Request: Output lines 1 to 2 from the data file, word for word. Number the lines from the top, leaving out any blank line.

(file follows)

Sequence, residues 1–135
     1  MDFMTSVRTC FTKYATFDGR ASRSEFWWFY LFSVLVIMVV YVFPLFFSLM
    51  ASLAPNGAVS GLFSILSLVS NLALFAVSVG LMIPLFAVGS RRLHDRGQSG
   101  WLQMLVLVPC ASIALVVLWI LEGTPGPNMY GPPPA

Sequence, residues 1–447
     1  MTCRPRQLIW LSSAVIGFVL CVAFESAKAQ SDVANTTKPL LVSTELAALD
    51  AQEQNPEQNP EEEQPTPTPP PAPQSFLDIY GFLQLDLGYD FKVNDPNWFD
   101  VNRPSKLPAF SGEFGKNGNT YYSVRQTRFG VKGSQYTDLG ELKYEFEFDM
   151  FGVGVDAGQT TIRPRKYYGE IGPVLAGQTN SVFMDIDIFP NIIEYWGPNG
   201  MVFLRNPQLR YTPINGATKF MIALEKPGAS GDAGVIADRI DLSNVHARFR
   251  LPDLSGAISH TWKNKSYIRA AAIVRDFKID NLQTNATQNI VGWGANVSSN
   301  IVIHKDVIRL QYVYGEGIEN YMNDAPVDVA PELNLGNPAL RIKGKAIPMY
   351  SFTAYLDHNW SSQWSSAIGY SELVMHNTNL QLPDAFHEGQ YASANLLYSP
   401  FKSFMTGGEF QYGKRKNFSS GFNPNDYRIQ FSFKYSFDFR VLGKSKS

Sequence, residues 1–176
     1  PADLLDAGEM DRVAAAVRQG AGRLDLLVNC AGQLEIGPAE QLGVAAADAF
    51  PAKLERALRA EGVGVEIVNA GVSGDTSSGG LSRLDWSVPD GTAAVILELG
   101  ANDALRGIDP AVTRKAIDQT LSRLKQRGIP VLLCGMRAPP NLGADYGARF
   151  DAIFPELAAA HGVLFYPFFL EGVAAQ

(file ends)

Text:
Sequence, residues 1–135
     1  MDFMTSVRTC FTKYATFDGR ASRSEFWWFY LFSVLVIMVV YVFPLFFSLM